AASHTO Journal, 5 October 2012
The Iowa Department of Transportation reconstructed a stretch of interstate ravaged by Missouri River flooding in just 34 days, allowing drivers to resume their normal commutes much faster than initially expected.
In late May 2011, the Upper Missouri River Basin saw nearly a year’s worth of rainfall, while melting snow runoff (about 200 percent of the usual amount for that time) also ran into the river system. All this precipitation caused the Missouri River Basin to swell, causing the worst Missouri River flooding in history.
The flooding wreaked havoc on Iowa’s transportation system and economy. One of the biggest problems was the complete demolition of a 3.1-mile stretch of I-680, which connected Iowa to Nebraska and saw about 18,000 vehicles per day, much of that vital to Iowa’s economy. Iowa DOT decided it had to reconstruct this portion of the highway quickly for the sake of commuters and in order to get the rest of the area back on track, especially before winter weather set in.
For the $19.2 million project, Iowa DOT fast-tracked the design process by using a limited design approach, which allowed the department to be flexible and get to rebuilding the road before all design details were completely in place. Iowa DOT utilized the original 1970s design plans for the roadway, which were on file electronically. Iowa DOT also determined the roadway could also follow the original highway footprint, which cut out having to go through the environmental process again.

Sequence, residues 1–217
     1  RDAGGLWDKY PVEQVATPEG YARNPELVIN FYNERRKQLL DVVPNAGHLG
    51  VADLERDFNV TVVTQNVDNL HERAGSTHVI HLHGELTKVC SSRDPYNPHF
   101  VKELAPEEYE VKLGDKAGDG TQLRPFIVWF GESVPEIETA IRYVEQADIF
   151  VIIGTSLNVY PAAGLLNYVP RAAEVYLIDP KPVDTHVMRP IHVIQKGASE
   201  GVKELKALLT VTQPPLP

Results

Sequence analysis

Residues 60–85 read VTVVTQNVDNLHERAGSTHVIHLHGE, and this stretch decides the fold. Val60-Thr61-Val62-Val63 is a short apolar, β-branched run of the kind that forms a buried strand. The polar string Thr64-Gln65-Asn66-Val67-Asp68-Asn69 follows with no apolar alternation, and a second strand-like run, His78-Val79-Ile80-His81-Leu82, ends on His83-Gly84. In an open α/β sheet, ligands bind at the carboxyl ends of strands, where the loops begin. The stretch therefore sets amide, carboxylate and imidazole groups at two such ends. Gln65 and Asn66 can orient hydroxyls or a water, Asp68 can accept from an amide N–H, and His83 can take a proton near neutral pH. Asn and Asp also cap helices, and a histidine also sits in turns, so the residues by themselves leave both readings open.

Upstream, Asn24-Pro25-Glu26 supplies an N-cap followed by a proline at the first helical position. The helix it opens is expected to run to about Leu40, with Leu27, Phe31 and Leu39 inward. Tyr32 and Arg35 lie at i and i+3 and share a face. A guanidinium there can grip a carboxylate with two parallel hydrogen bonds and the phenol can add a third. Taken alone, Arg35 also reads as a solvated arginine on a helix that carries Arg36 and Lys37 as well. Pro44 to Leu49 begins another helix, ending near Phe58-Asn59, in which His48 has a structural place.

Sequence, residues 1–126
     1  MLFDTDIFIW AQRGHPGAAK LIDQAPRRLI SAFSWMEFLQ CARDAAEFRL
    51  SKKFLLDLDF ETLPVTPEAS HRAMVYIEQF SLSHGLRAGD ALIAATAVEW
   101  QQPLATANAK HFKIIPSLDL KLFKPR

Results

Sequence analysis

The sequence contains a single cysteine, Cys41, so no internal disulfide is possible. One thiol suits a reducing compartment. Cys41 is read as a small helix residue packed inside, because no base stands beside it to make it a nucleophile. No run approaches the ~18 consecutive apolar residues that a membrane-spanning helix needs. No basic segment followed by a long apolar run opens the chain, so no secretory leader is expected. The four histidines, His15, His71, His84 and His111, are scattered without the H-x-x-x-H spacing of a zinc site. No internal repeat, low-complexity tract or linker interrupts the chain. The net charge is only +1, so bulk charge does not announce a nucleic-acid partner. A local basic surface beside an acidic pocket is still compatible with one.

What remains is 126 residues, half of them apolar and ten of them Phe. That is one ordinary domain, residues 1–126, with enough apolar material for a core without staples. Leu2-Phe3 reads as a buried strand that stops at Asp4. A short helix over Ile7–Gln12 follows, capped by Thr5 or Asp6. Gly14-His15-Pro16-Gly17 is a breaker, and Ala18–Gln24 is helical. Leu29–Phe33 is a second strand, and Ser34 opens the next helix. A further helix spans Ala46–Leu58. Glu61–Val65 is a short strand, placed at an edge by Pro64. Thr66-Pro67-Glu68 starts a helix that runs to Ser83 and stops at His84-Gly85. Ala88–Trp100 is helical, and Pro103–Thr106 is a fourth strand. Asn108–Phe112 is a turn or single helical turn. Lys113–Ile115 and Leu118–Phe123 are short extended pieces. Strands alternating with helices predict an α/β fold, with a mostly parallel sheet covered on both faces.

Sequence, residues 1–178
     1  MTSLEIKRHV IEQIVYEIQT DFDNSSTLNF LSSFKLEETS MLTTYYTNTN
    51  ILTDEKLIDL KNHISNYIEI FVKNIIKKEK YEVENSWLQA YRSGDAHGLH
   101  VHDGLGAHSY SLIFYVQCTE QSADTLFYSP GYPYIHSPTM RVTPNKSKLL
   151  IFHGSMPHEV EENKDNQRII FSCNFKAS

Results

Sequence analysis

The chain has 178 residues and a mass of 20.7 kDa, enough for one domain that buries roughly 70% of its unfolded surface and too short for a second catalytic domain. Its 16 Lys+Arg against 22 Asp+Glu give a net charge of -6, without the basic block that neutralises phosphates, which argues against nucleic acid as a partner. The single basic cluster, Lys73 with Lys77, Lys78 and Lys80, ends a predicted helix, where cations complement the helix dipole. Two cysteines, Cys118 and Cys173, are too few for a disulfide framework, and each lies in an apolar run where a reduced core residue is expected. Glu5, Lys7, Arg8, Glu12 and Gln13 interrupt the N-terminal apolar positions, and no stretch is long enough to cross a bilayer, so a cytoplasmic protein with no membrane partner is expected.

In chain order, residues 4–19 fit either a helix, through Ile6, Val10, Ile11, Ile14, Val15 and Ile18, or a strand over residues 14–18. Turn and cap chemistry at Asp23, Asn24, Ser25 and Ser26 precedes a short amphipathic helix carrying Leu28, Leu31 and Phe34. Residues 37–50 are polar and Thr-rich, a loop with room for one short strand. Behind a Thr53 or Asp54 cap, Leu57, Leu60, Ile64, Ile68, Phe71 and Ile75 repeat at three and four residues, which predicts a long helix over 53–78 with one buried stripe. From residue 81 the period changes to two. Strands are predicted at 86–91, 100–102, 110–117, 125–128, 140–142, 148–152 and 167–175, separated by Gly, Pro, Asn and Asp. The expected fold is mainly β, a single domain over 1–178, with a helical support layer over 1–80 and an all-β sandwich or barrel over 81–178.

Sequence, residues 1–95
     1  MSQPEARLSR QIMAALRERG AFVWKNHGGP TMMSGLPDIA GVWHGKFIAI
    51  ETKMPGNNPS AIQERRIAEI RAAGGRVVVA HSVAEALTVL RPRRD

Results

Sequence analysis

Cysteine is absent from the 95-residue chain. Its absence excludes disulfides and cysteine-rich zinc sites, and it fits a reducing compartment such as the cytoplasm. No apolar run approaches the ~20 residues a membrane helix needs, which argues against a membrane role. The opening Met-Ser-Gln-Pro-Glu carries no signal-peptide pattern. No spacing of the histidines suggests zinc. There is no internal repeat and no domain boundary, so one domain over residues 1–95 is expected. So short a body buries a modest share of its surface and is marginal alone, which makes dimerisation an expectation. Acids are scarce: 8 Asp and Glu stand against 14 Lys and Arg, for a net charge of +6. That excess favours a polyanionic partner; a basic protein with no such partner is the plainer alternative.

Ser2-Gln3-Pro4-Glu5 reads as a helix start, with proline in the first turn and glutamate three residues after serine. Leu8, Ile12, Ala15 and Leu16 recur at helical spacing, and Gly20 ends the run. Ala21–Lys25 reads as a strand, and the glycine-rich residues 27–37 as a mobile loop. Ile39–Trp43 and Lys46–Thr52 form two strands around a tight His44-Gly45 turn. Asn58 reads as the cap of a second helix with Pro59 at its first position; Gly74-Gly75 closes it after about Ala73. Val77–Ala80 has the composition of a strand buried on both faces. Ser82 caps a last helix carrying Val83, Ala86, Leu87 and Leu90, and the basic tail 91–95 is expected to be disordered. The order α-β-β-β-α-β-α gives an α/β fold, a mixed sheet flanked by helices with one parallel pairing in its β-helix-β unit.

Beginning on Sept. 24, contractors worked on the reconstruction 24 hours per day for 10 days straight. After that period, work shifted to days consisting of 14 to 16 hours. Iowa DOT officials and its project contractors stayed in constant communication, which formed a strong working relationship between the two. Decisions were made thoroughly and quickly, as Iowa DOT understood the importance of getting the roadway back up for drivers.
Traffic was opened up on this stretch of I-680 on Nov. 2, just 34 days after construction began and about a month ahead of schedule. Iowa DOT credits its crews for the quick finish, thanking the 300 or so individuals putting in 60,000 worker hours for getting drivers back on the roadway that was so vital for flood cleanup and recovery.